Dr. David A. McCullough

Professor of Biology
Office: Science Center 157
Phone: (319) 352-8432
FAX: (319) 352-8606
Email: david.mccullough@wartburg.edu

Mail address
Biology Department
Wartburg College
100 Wartburg Blvd.
Waverly, Iowa, USA 50677

Advising Expertise
Environmental Biology
Physician Assistant

Courses Taught

BI 117 Environmental Biology
BI 151 Ecosystems, Cells and Evolution
BI 204 Conservation of Natural Resources
BI 207 Vertebrate Ecology of the Prairie (May Term)
BI 211 Genetics
BI 315 Ornithology (May Term)
BI 455 Methods of Biological Research
BI 456 Student Research


Research Interests
Currently I am involved with three major projects. 1--Examination of the effects intensely managed public green spaces can have on vertebrate populations living on or adjacent to them. In many urban and suburban areas, golf courses, along with public parks, provide the only remaining large green spaces available to endemic and migratory wildlife. As such, an understanding of their ecology and how it is managed should provide us with information as to their importance as refugia within regions of declining natural habitat. 2--The effect on fire management regimes on populations of the threatened Bailey's woodrat. This subspecies of the Eastern woodrat is restricted to a narrow region of the Niobrara river valley in N. Central Nebraska. This area has historically been shaped by fires sweeping across the north central and sand-hill mixed grass prairies flanking the valley. Until recently fire has been suppressed in the area. The purpose of this study is to examine the response and adaptation of woodrats to a renewed fire regime and assess any impact fire has on population morbidity and stability. 3-Assessment of public lands for their ability to support stable vertebrate populations. Often times public lands serve as multi-use recreation areas and thus their management can drastically impact natural populations of organisms. This is particularly true for species sensitive to perturbation. Conversely, these public parks, reserves and spaces are often times the only adequate habitat for miles around in a severely fragmented ecosystem. Thus, assessment of the role they play in maintaining native populations is critical in our understanding the ecology of such areas and the role they play in modern ecosystems.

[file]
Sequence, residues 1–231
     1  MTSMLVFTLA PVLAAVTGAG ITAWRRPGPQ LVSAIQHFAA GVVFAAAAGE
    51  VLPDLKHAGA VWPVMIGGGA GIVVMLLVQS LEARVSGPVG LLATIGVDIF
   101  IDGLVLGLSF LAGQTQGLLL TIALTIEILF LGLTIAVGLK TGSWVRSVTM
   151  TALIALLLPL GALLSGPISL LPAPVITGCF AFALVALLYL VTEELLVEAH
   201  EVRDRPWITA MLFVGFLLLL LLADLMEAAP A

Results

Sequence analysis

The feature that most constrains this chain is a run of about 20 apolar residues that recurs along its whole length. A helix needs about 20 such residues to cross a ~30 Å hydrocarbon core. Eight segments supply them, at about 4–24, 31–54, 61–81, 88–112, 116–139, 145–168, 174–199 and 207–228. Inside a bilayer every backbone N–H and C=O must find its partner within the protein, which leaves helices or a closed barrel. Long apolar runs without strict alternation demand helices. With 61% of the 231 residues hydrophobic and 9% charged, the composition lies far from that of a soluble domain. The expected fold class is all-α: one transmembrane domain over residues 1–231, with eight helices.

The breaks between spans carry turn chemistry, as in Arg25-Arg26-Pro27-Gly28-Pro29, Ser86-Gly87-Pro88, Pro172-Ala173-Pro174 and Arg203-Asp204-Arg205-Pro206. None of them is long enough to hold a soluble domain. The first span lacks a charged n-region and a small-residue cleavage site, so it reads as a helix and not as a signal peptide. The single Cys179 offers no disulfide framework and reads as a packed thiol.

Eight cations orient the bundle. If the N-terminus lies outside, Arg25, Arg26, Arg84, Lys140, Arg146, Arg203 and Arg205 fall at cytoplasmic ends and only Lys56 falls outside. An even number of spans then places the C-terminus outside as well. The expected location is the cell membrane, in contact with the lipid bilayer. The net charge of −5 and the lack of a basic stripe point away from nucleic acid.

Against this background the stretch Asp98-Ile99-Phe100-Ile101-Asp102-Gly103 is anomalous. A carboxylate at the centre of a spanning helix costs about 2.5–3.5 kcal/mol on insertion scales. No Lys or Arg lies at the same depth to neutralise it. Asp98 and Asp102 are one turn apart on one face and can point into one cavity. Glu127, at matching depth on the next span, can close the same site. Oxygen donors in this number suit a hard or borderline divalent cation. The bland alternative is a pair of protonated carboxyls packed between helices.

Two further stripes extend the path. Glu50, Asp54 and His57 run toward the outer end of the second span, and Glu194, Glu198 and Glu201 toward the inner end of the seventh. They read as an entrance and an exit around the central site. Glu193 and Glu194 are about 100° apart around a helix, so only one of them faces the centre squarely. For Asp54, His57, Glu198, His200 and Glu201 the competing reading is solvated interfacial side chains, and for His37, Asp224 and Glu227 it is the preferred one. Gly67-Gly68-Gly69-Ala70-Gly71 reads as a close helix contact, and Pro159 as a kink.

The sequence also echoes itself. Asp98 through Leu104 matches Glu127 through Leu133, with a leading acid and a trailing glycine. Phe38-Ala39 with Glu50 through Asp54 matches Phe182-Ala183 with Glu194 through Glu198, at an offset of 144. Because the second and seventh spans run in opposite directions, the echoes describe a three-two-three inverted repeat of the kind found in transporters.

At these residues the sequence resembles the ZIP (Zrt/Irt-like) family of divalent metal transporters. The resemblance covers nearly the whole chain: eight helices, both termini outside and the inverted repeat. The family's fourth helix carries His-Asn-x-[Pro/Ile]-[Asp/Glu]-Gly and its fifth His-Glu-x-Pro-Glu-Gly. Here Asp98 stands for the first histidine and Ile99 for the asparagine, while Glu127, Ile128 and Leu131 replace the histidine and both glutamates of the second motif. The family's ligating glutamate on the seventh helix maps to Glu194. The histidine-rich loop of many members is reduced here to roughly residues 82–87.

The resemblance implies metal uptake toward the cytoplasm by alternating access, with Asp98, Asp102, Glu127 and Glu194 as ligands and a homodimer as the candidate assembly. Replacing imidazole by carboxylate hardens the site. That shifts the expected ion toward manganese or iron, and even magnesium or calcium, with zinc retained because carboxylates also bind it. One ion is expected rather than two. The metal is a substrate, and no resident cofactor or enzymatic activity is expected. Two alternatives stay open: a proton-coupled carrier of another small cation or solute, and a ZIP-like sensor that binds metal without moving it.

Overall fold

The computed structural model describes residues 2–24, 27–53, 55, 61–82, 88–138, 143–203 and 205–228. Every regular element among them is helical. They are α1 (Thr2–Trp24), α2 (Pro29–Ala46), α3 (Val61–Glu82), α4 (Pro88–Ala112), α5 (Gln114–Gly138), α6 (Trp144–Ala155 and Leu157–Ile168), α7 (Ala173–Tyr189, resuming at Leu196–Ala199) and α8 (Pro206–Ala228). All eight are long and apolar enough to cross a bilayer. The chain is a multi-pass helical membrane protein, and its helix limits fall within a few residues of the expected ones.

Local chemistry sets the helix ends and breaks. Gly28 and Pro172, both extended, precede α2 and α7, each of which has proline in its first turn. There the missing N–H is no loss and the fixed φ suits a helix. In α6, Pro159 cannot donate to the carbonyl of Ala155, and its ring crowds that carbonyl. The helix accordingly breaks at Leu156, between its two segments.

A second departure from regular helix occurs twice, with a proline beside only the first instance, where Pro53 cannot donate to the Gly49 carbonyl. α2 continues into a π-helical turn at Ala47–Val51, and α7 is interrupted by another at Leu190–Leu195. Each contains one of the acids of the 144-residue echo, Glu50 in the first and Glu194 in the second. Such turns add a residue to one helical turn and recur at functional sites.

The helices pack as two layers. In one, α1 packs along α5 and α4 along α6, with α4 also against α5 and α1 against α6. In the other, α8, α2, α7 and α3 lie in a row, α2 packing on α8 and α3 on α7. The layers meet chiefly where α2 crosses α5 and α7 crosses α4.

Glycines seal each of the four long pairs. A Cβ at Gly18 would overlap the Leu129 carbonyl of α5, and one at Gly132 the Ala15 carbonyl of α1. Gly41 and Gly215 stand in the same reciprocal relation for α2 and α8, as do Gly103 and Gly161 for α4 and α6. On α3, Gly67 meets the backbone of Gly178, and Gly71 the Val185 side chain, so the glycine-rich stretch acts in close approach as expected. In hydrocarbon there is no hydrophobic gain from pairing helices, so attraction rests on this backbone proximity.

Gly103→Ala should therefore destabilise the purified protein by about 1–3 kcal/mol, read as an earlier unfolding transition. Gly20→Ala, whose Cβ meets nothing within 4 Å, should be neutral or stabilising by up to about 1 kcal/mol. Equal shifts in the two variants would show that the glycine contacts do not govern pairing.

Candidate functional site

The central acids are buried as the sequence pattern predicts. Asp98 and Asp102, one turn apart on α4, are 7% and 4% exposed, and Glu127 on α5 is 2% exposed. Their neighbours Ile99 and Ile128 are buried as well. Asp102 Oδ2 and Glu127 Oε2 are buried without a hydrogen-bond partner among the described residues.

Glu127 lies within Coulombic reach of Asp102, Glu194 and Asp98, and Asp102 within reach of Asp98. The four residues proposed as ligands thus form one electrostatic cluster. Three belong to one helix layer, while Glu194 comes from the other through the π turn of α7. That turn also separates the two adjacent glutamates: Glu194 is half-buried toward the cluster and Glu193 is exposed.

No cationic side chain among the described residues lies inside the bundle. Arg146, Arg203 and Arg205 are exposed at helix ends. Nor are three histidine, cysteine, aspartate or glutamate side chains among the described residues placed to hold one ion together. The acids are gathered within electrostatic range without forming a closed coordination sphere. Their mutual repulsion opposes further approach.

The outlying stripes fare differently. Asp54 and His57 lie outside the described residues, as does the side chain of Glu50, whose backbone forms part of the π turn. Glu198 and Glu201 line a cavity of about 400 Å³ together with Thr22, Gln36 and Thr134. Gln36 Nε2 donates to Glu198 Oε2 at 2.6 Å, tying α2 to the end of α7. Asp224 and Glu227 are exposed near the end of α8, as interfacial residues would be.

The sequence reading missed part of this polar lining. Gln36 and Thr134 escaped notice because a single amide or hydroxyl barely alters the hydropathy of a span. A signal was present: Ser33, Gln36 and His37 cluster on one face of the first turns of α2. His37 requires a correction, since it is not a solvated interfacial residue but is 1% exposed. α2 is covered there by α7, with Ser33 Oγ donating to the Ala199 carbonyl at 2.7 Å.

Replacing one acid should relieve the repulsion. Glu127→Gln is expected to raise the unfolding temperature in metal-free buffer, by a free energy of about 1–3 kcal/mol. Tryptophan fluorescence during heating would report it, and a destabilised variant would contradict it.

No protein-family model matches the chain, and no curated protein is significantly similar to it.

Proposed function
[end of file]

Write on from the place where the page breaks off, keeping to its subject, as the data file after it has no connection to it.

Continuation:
In addition I have strong interests in the areas of evolutionary and conservation genetics. By using molecular approaches to answer genetic questions, I hope to broaden our knowledge of the evolutionary history and genetic structure of natural populations. It is also important to understand the genetic components of population structure, which will allow us to make informed decisions concerning the protection and management of both wild and captive populations of organisms.